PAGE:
Tuesday, March 13, 2012

A 450 Point SAT Gap: Large Racial Preferences Hurt All College Applicants, Including the Intended Beneficiaries

Dear Fellow Asian Americans:

41,483 people have shown the courage of their conviction by taking the 80-20 EF Survey. We
need 9,000 more votes to show the INTENSITY of your concerns. A 50,000 total would
impress the Supreme Court, as few issues in the US can mobilize an equivalent 1 million people
when projected to the general population (of which Asian Americans are 5%)

Send it across the finish line. YOU can do it by ensuring your spouse, youths, parents, friends,
and colleagues all VOTE. (Permanent residents and citizens only)

Take the Survey NOW! Do Your Part to Improve our Destiny.

Is the racial preferences in college admission merely a "tie breaker", a "nudge factor",
and "one in many" consideration?

The "National Study of College Experience" (NSCE) project conducted over 9000 student
interviews. Princeton sociologist Thomas Espenshade performed rigorous regression analysis on
the vast NSCE database and released the empirical findings in his 2009 book [1], which was
widely cited by the news media: To receive equal consideration by elite colleges, Asian
Americans must outperform Whites by 140 points, Hispanics by 280 points, Blacks by 450
points in SAT (Total 1600). The result is not a simplistic test score comparison: The
differences have been controlled for other variables such as sex, citizenship, athlete and legacy
status, # of AP tests and SAT II test, GPA, class rank, National merit scholar status, and high
school type.

We believe college admission policy should reflect the common American ideal of Equal
Opportunity, afforded to every individual through the "Equal Protection Clause" in the 14th
Amendment of the US Constitution. The admission policy should not discriminate against any
group of people for innate collective characteristics, such as race and ethnicity, which an
individual can NOT change. Instead, it should be firmly based on individual merit, which is to
be broadly defined to include academic qualifications necessary for successful college learning,
and personal character strengths such as perseverance, hardworking ethic, leadership skills, and
individual initiative to overcome adverse conditions, such as those imposed by socioeconomic

Race, ethnicity and national origin ar daf e PROTECTED categories in the US constitution, for good
reasons. In a job interview, if you ask a candidate's race, you could be sued and your company
could be investigated for racial discrimination under the "Equal Protection Clause". Why is
college admission so different? Not only the race question MUST be asked, you MUST answer
(or your last name would be Googled to determine your race), and your answer MUST be used
as the basis for differential treatment. Is this not institutionalized reverse discrimination?

Furthermore, large racial preferences also hurt the intended beneficiaries. It imposes an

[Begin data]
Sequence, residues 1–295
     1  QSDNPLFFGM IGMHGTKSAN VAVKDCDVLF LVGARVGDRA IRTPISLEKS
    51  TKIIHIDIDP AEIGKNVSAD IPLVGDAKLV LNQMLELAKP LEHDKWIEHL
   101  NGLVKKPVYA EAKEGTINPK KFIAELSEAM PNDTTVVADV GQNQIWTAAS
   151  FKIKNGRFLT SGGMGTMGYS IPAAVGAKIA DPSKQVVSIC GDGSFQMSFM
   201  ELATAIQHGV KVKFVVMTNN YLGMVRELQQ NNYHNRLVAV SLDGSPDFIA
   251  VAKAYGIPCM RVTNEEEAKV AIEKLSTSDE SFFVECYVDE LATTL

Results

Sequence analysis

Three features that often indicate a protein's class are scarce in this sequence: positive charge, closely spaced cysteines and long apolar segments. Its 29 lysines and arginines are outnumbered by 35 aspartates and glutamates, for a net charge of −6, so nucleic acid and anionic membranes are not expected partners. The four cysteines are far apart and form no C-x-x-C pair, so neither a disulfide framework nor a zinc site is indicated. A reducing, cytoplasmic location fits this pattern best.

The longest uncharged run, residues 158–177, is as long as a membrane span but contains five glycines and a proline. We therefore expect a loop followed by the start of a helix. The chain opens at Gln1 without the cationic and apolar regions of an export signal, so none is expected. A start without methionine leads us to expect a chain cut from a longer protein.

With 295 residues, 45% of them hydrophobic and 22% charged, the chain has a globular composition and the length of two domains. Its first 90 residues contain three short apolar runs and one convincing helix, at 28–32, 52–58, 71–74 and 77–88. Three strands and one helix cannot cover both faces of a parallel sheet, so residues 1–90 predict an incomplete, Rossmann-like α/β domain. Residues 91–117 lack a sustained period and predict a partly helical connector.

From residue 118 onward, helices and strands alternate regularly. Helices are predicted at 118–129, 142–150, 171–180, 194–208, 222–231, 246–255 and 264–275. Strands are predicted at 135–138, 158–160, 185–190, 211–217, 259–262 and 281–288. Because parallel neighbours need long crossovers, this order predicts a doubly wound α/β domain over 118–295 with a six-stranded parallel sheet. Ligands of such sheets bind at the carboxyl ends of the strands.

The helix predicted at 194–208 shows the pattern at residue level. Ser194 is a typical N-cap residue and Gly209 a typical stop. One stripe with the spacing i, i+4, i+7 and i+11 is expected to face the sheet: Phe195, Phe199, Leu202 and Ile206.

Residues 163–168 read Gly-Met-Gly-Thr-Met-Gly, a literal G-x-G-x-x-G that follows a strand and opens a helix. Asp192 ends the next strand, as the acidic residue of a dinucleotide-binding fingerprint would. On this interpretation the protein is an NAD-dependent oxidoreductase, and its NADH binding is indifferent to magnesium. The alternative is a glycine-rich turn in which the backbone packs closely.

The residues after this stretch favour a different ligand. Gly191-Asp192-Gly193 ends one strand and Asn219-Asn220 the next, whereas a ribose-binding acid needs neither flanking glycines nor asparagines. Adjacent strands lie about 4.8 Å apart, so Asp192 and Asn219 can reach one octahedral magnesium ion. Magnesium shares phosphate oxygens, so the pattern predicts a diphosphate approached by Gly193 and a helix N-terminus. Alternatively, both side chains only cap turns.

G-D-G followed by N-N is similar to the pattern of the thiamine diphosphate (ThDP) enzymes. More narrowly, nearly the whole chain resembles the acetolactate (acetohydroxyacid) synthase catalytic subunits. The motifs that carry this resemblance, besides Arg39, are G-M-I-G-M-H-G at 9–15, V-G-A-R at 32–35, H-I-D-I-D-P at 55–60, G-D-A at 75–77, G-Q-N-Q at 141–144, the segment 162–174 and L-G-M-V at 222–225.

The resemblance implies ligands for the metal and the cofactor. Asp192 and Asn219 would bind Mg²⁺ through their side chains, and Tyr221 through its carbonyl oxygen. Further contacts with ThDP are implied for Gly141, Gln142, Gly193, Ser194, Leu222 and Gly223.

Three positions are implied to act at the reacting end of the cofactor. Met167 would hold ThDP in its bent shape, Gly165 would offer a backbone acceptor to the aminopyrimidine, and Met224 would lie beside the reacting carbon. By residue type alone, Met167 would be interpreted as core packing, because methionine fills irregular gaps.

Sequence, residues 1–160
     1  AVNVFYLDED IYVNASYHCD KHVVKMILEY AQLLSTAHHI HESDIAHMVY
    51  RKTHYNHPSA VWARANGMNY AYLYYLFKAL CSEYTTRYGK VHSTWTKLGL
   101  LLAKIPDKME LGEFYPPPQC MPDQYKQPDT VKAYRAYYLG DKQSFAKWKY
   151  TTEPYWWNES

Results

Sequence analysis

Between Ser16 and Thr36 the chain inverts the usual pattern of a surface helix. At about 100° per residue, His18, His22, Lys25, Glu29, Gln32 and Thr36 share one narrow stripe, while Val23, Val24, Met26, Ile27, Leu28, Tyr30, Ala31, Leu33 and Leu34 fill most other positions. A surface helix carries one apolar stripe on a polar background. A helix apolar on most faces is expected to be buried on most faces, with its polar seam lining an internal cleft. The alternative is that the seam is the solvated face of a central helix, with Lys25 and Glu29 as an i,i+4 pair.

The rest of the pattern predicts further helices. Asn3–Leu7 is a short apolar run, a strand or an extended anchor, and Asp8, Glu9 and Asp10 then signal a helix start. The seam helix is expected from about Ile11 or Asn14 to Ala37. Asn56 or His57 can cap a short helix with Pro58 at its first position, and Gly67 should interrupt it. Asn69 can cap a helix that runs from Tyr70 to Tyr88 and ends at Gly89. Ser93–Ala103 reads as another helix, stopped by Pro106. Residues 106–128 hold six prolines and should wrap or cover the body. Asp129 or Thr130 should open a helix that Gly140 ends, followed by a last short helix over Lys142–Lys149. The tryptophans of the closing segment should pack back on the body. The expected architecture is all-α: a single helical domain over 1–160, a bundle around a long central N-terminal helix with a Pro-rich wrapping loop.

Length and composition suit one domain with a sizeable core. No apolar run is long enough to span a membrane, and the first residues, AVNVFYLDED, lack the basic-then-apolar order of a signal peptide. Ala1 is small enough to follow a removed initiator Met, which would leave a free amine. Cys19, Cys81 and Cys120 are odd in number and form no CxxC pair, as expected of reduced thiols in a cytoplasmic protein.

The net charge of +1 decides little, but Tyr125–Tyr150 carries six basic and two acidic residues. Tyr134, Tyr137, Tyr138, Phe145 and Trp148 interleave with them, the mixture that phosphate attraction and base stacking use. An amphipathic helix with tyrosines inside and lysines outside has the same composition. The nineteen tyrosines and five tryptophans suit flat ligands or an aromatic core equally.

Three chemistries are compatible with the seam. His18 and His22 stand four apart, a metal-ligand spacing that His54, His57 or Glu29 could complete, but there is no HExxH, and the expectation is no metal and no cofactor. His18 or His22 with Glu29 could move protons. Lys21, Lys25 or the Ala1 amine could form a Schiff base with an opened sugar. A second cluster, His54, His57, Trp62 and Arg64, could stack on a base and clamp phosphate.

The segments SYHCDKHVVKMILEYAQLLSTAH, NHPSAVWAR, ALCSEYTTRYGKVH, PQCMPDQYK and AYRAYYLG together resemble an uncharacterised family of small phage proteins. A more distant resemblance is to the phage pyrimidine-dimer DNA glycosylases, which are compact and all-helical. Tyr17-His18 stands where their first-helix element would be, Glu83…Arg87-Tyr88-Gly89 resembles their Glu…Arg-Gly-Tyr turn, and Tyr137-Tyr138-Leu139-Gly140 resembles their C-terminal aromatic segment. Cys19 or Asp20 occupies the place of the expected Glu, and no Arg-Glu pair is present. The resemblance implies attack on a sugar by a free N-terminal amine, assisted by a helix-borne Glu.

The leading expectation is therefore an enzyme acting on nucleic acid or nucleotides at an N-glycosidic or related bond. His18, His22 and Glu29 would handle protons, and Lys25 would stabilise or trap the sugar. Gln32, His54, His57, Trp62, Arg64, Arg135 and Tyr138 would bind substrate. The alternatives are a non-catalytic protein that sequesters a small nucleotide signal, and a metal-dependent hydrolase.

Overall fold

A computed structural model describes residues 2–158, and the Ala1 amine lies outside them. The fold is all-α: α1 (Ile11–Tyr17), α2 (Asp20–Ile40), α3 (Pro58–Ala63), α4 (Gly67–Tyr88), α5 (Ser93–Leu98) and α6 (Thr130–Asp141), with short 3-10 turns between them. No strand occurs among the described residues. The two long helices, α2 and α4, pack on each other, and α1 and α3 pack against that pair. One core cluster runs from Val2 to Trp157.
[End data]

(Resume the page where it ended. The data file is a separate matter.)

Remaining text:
"academic mismatch" among the admitted students, reducing the efficiency and quality of
classroom instruction to all students, and leading to academically weaker students to self-
segregate into less challenging classes, thereby reducing classroom diversity [2]. The US Civil
Right Commission issued a 2010 report about the disconcerting role of racial preferences played
in undermining minority graduation in science and engineering programs [3]. In professions
where universal qualification exams are required, such as legal service, higher numbers of
"racially preferred" students entering the law schools did not lead to an increased numbers of
"racially preferred" lawyers because of the high attrition rate [4]. Large racial preferences
were also found to hurt the minority pipeline to academia [5].

It is time to do what every other developed nation does, which is NOT to even ask
the race question in college application.

Please join 80-20 TODAY. Go to http://www.80-20initiative.net/membership/join.asp     
Or send your check to:      80-20 PAC   13337 South St. #189   Cerritos,   CA 90703.   
Family membership is $50 (two), individual $35, student $15.


The 80-20 Collective Leadership


[1] "No Longer Separate, Not Yet Equal: Race and Class in Elite College Admission and
Campus Life" by Thomas Espenshade (Princeton University Press, 2009)
[2] "The Role of Ethnicity in Choosing and Leaving Science in Highly Selective Institutions", R.
Elliott et. al. 37 Research in Higher Education 681 (1996)
[3] "Encouraging Minority Students to Pursue Science, Technology, Engineering and Math
Careers", US Commission on Civil Rights, Briefing Report, Oct 2010.
[4] "Are Black/White Disparities in Graduation and Passing the Bar Getting Worse, or Better?"
by R. Sander. http://www.elsblog.org/the_empirical_legal_studi/2006/09/ sander_2_black_.html
[5] "The Occupational Choices of High-Achieving Minority Students" (Harvard University Press